The hill was steep enough that I had to stop, my lungs heavy and legs slightly burning. I pretended to fiddle with my camera and stared into the valley below. The boys waited further ahead, one closer than the other, with the dog loudly panting. This family walk was my idea.
We had started for their favorite oak tree, one of several in the area that have sprouted rope swings from their massive branches, but found it occupied by three teens and an Instagram account. They were listening to John Denver, sprawled upon a blanket beneath leaf and cloud, with the feet of their friends floating into frame then out again. Some men rode between us on mountain bikes, nodding as a greeting. A hawk flew overhead.
It had been reluctance that led us there on this family walk, despite our collective need for exercise, clean air and time spent wandering through it. We were stuck in another day of sedentary rote, indoors and uninspired, one roof over many walls, the lazy leave of an unwrapped holiday break and backpacks still untouched. We festered in our shared seclusion, some of us louder than others. It was time to leave the house, whether we wanted to or not.
The hawk, sensing my labors, circled around again, doing the math and crying about it. Further along, the boys were waiting, one with questions and one always questioning. I followed in their footsteps. It wasn’t lost on me.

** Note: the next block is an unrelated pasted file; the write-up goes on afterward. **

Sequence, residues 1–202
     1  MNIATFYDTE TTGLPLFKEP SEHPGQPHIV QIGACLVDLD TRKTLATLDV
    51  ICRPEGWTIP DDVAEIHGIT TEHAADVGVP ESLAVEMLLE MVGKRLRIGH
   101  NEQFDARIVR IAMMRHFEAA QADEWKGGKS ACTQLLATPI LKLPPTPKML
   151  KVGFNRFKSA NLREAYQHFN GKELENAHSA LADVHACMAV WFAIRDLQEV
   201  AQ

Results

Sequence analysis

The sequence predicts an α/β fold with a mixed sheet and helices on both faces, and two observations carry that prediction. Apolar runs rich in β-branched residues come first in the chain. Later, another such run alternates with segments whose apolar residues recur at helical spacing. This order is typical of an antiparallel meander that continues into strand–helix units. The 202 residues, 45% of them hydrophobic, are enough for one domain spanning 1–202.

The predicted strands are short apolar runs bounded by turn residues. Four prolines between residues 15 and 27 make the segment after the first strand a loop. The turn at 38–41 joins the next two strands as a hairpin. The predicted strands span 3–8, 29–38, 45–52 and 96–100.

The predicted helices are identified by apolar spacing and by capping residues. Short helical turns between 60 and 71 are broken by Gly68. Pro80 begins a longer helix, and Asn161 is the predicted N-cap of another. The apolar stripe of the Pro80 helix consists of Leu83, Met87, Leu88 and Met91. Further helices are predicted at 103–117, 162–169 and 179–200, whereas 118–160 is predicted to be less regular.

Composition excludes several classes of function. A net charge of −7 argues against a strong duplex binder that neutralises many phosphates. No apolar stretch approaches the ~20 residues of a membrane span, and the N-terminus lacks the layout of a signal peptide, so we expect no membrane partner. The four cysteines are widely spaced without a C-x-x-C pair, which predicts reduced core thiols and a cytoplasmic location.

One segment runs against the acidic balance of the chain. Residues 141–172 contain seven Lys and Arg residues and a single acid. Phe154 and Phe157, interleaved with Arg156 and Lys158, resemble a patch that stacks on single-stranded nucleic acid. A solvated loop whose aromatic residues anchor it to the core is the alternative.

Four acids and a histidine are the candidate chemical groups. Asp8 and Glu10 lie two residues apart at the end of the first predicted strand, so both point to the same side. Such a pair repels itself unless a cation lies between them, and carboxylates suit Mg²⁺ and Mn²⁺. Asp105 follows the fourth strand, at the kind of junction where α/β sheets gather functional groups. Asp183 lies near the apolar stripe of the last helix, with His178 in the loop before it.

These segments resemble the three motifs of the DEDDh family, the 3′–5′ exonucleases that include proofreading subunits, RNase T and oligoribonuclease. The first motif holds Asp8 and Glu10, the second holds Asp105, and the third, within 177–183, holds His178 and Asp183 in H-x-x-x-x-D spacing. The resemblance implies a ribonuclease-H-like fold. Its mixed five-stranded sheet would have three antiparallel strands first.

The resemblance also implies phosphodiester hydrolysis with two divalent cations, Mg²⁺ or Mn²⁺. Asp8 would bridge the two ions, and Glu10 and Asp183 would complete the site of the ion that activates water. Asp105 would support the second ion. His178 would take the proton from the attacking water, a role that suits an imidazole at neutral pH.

I have become my own example.
“What do you think is the biggest problem in the world right now?” I asked either of them upon the crest. One looked into the distance, the other at a dead scorpion on the ground.
“Hunger?” asked one.
“Disease?” asked the other.
“Poverty?” I added. “War?”
It was January, us outside and sweating.
“They are all related, aren’t they?” I asked.
The scorpion was a bend behind us, the hawk dancing in our slipstream.
“I couldn’t help but notice that none of our problems are on the list,” I said after, pausing for effect.
Of course, we could make the arguments. We had before. My life as a freelancer is literally living check to check, and I was on day three without a prescription that only the next payday could afford. Also, that part about the sweating. Still, those were bumps of nothing in a long road of comfort, and while they may find themselves flung and sharpened as shouts in the kitchen, none of our family’s problems would prevent us from the next hill or the road that rose to meet it.
It had been such a misconception that triggered this journey. The festering from before had finally popped in a glorious explosion of privileged anger, a cocktail of hormones and too much screen time that led to words like weapons and a hand that was one. So the boys and I took it outside for a family walk.
We ran for the hills as a coping mechanism, when really, we should be clinging to them, begging the day to stay. It is always better to live out than look it. A good walk is a wonderful thing.
“I know,” said one.
The other just kind of grumbled.
Downhill is a trick. It shows up like a sudden oasis, offering the ease of decline, and yet, the footing is tender, the slide quick and flinty. Downhill is a fast roll toward routine.
The youngest took my hand to gain his balance by stealing mine. His thumb tracing a new spot upon it, amber as the scorpion, covered in dust and a boy’s attention.
“I am aging,” I said. “That’s just another badge to earn.”
The boys looked at one another and the hill growing in the background. We didn’t speak much after that, but the hawk kept time and we hummed a few bars. Our pace slowed considerably.
Some breaths felt deeper than others.
All family walk photos by the author